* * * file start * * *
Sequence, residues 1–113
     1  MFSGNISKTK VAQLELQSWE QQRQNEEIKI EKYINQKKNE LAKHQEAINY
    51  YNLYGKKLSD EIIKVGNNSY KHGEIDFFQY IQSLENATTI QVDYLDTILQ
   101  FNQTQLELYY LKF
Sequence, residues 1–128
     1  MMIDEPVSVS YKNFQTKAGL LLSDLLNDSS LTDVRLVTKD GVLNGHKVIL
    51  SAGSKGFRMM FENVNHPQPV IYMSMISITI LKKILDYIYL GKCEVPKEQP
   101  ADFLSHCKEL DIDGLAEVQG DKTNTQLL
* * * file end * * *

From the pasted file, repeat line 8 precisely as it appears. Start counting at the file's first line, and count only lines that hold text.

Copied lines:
   101  ADFLSHCKEL DIDGLAEVQG DKTNTQLL